Dark Academia – Dr. James Emery White’s Christian Blog
Dusty libraries, young people with long hair writing poetry, rituals by candlelight… welcome to TikTok’s love of old books and the “dark university”.
According to an article by Marianka Swain in the Telegraphwhen it comes to “black college”, think
“tweeds and corduroys, leather satchels, autumn leaves swirling outside the windows of an Oxbridge (or, in America, New England) college, a dusty library with secret tomes, hairless youngsters longs handwriting meaningful poetry, brooding lovers with turbulent inner lives, and, in the grim ending, worship rituals performed by eerie candlelight.
Yes, it’s about a “new generation commandeering a long-established Gothic aesthetic and making it their own.” Think The Brontes meet JK Rowling meets Stephanie Meyers meets stranger things.
This is no small cultural development. TikTok videos with #darkacademia have been viewed 2.4 billion times. Go to Instagram and you will find 1.7 million dedicated posts. Waterstones, a leading bookseller in the UK, has seen an increase of up to 325% in sales of dark academic titles since 2019.
The most popular books in the dark academic genre tend to be about magicians and wizards, guardians of lost knowledge from ancient civilizations, or putting a supernatural spin on Jane Austen fare. On the surface, it would be easy to overlook all of this. Or even grateful. I know I’m deeply drawn to the ethos of a lot of what goes with black academia in terms of architecture and setting. This is one of the reasons why I loved studying at Oxford.
But there’s more to the dark academia than ethos. One need not look too deeply into the books and the sensibilities surrounding them to see black academia as a potential gateway to the occult. It triggers a thirst for mysterious knowledge. The landscapes and architecture associated with it have been described as “dripping with a dark and eerie power”.
As I wrote in Meet Generation Zthe spiritual void for young adults is largely filled by the occult.
You can find a case study in Norway. While Norwegian churches may be empty and belief in God is on the decline, “belief, or at least fascination with ghosts and spirits, is on the rise. Even Norway’s royal family, who are required by law to belong to the Evangelical Lutheran Church, have flirted with ghosts, with a princess teaching people how to reach spirits. Roar Fotland, a Methodist preacher and assistant professor at the Norwegian School of Theology in Oslo, notes that “God is absent but spirits and ghosts fill the void.”
This is an important dynamic to understand.
Pitirim Sorokin, the founder of Harvard University’s sociology department, argued that the pendulum of civilization generally swings in one of two directions: the “ideational” and the “meaningful.” Ideational civilization is more theological and spiritual, while sensory culture is more rational or scientific. Sorokin argued that the classical ideational period was the medieval period. Since the Enlightenment, we have lived in a sensory world. Sorokin’s thesis rings true. Today, in our struggle against what the modern world has given us – or more accurately, taken away from us – there seems to be a return to the ideational.
We live in a time that is more open to spiritual things than ever before. No definition of religion, notice, but of spirituality. And more specifically, the supernatural. There is a deeply felt emptiness resulting from a secularized and materialistic world which has led to a thirst for something more, but many are unable to go beyond the search for a live. Accordingly, an alien will serve as well as an angel; a spiritualist as well as a minister. Borrowing from the late historian Christopher Dawson, we have a new form of secularism that offers “religious emotion divorced from religious belief.” So God is out, but the ghosts are there.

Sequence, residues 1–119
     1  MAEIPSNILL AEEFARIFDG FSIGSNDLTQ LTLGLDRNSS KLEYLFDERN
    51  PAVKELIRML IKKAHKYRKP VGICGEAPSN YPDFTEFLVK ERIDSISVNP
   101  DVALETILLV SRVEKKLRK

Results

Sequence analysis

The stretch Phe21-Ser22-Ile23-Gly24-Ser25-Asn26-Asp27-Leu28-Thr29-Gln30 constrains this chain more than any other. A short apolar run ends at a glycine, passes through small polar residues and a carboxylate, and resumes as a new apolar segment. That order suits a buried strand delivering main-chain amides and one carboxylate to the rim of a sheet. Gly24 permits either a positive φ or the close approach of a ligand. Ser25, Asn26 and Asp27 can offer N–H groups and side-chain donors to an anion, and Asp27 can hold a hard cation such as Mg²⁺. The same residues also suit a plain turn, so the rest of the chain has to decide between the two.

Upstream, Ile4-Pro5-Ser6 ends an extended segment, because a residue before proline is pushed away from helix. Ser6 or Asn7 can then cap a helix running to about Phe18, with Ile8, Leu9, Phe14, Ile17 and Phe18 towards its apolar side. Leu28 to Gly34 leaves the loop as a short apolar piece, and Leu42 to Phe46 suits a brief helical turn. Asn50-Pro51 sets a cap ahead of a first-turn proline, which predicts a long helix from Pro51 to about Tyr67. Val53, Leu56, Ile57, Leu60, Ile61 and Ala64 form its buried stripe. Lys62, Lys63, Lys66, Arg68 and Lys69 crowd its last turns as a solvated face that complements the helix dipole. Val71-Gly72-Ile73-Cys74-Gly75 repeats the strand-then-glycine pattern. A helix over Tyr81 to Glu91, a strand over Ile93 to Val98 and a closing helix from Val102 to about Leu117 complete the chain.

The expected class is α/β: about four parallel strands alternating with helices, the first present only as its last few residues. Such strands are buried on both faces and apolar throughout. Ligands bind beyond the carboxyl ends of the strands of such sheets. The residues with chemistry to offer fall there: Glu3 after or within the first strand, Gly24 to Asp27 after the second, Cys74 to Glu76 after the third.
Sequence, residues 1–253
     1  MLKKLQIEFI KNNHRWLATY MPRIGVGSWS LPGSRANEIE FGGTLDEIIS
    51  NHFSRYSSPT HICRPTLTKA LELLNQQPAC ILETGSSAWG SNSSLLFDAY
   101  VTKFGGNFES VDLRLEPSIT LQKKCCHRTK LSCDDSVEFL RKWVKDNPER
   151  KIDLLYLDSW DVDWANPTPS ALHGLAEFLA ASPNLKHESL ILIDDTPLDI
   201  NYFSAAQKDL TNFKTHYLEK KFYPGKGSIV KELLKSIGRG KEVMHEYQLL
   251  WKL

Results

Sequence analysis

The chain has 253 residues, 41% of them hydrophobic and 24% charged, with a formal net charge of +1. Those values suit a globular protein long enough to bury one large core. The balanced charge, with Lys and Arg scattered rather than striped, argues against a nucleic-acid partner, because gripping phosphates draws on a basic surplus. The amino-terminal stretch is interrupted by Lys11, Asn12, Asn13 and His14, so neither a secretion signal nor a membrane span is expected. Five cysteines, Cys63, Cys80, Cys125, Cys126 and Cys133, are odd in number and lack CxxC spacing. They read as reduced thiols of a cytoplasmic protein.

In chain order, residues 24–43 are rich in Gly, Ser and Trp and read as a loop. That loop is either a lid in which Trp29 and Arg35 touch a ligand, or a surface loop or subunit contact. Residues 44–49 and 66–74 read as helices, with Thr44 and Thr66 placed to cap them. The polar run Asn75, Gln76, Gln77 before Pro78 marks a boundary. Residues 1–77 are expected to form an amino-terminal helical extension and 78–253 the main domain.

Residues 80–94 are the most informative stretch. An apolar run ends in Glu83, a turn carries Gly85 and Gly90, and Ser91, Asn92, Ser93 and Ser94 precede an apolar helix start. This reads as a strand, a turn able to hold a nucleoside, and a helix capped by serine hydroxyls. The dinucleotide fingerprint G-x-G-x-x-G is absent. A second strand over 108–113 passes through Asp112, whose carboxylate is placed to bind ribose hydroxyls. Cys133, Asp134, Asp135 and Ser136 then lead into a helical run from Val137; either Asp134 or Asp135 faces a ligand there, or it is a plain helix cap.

So yes, take the dark academia seriously – but less for what it is,
…and more for where this leads.
James Emery White
Marianka Swain, “TikTok’s Old-School Books Boom: Why Gen Z fell in love with ‘Dark Academia'” The TelegraphJuly 27, 2022, read online.
James Emery White, Meet Generation Z (Baker).
“Norway has a new passion: ghost hunting”, Andrew Higgins, The New York TimesOctober 24, 2015, read online.
Pitirim Sorokin, Social and cultural dynamics, revised edition in one volume. (1991).
Christopher Dawson, World History Dynamics, ed. by John J. Mulloy (ISI Books, 2002).
About the Author
James Emery White is the founder and senior pastor of Mecklenburg Community Church in Charlotte, North Carolina, and a former assistant professor of theology and culture at Gordon-Conwell Theological Seminary, where he also served as their fourth president. His latest book After “I believe” is now available on Amazon or at your favorite bookstore. To take advantage of a free Church & Culture blog subscription, visit churchandculture.org, where you can view past blogs in our archive, read the latest church and culture news from around the world, and listen to the Church & Culture podcast. . Follow Dr. White on TwitterFacebook and Instagram at @JamesEmeryWhite.
James Emery White is the founder and senior pastor of Mecklenburg Community Church in Charlotte, North Carolina, and a former professor of theology and culture at Gordon-Conwell Theological Seminary, where he also served as their fourth president.
His latest book, After “I believe”, is now available on Amazon or at your favorite bookstore. To take advantage of a free Church & Culture blog subscription, visit churchandculture.org, where you can view past blogs in our archive, read the latest church and culture news from around the world, and listen to the Church & Culture podcast. .
Follow Dr. White on TwitterFacebook and Instagram at @JamesEmeryWhite.